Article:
When supplies are severely limited, we often end up switching to an alternative. There are many ways to satisfy human desires: Coal replaced wood in 18th century England. Kerosene replaced whale oil, then light bulbs replaced kerosene. Plastic replaced ivory and tortoiseshell. Again, if the alternative is less desirable along some key dimension, then this is also a form of reduced consumption, even if total volumes stay the same.
However, the conservationist approach is always some form of reduced consumption: typically a combination of reduced absolute consumption, efficiency improvements that reduce quality and convenience, and/or switching to less-desirable alternatives. The arguments that people have over resources are actually a lot less about whether resources are getting used up, and much more about whether we should, or must, reduce consumption in some form.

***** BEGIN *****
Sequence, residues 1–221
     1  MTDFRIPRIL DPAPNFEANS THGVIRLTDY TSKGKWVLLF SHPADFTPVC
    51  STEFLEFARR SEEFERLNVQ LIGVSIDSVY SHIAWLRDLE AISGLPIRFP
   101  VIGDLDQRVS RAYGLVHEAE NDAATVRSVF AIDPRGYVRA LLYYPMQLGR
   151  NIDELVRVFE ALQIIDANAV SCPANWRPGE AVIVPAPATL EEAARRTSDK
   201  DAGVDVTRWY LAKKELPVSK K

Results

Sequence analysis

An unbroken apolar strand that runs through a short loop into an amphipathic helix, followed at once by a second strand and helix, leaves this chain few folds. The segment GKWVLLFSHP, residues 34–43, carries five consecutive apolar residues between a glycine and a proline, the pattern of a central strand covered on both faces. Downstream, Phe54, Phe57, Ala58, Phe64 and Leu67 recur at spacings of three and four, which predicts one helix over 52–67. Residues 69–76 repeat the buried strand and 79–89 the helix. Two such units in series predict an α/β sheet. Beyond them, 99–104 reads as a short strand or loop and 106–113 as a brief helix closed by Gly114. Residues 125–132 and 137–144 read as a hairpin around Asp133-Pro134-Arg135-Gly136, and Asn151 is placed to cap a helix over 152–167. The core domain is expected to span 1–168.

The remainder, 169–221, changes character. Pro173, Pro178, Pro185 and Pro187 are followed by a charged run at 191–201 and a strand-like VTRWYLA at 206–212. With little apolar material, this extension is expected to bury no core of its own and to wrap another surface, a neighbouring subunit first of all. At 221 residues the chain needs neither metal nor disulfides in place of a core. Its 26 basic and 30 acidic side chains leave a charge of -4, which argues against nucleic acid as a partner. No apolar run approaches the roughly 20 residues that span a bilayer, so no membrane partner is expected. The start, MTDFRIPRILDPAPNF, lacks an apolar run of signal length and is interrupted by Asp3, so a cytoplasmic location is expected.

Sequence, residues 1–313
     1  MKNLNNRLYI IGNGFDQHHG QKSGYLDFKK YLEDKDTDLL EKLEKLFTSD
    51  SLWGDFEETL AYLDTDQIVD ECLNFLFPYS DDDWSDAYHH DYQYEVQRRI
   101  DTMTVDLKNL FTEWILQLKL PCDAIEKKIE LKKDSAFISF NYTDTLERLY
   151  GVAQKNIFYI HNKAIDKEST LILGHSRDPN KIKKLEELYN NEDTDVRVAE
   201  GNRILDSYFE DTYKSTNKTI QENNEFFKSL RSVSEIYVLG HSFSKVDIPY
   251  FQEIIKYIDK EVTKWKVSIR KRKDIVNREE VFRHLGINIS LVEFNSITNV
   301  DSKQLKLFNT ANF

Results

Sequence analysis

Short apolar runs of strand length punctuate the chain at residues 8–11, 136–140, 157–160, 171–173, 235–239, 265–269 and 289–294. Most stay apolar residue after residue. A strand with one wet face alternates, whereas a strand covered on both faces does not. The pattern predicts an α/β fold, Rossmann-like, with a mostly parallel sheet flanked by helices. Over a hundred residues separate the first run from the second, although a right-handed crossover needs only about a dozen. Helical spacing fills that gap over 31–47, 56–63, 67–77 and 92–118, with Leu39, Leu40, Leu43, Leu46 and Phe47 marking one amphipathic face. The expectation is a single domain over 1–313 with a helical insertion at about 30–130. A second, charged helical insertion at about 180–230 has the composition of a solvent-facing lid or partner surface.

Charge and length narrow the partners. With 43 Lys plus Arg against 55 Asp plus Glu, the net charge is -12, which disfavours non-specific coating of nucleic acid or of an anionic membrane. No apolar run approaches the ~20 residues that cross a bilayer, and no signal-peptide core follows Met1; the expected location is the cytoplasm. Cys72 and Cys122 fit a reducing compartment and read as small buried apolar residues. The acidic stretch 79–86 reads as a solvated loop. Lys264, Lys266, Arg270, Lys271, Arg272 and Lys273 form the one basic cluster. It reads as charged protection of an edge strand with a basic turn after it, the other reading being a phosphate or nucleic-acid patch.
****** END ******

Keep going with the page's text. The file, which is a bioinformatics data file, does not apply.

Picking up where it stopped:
The alternative to the conservationists is to find a way to continue increasing consumption: typically new sources or high-quality alternatives. Again, it’s not about the resource. It’s about whether we continue to grow consumption, or whether we slow, stop or reverse that growth.
The conservationist argument is a combination of practical and moral arguments.
The practical argument is: we can’t keep doing this. Either this particular problem we’re facing now is insoluble, or the next one will be.
The moral argument takes two forms. One is an extension of the practical argument: it’s reckless to keep growing consumption when we’re going to crash into hard limits. A deeper moral argument appeals to a different set of values, such as the value of “connection” to the land, or of tradition, or stability. Related is the argument that consumption itself is bad beyond a certain point: it makes us weak, or degrades our character.